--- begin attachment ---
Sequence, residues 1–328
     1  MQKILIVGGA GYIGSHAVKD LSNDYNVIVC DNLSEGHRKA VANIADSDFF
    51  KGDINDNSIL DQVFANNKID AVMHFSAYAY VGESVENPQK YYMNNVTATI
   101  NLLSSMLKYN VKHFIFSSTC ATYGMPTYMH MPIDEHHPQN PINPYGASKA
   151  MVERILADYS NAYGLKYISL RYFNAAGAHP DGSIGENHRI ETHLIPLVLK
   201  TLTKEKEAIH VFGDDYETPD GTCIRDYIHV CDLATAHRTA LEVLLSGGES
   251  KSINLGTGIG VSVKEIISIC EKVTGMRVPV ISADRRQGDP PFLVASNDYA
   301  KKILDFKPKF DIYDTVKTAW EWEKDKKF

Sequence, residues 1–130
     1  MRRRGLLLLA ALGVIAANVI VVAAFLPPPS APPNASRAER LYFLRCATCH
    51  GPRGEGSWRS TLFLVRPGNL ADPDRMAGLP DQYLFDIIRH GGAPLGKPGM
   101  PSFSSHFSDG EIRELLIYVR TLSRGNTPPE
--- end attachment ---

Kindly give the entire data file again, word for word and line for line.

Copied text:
Sequence, residues 1–328
     1  MQKILIVGGA GYIGSHAVKD LSNDYNVIVC DNLSEGHRKA VANIADSDFF
    51  KGDINDNSIL DQVFANNKID AVMHFSAYAY VGESVENPQK YYMNNVTATI
   101  NLLSSMLKYN VKHFIFSSTC ATYGMPTYMH MPIDEHHPQN PINPYGASKA
   151  MVERILADYS NAYGLKYISL RYFNAAGAHP DGSIGENHRI ETHLIPLVLK
   201  TLTKEKEAIH VFGDDYETPD GTCIRDYIHV CDLATAHRTA LEVLLSGGES
   251  KSINLGTGIG VSVKEIISIC EKVTGMRVPV ISADRRQGDP PFLVASNDYA
   301  KKILDFKPKF DIYDTVKTAW EWEKDKKF

Sequence, residues 1–130
     1  MRRRGLLLLA ALGVIAANVI VVAAFLPPPS APPNASRAER LYFLRCATCH
    51  GPRGEGSWRS TLFLVRPGNL ADPDRMAGLP DQYLFDIIRH GGAPLGKPGM
   101  PSFSSHFSDG EIRELLIYVR TLSRGNTPPE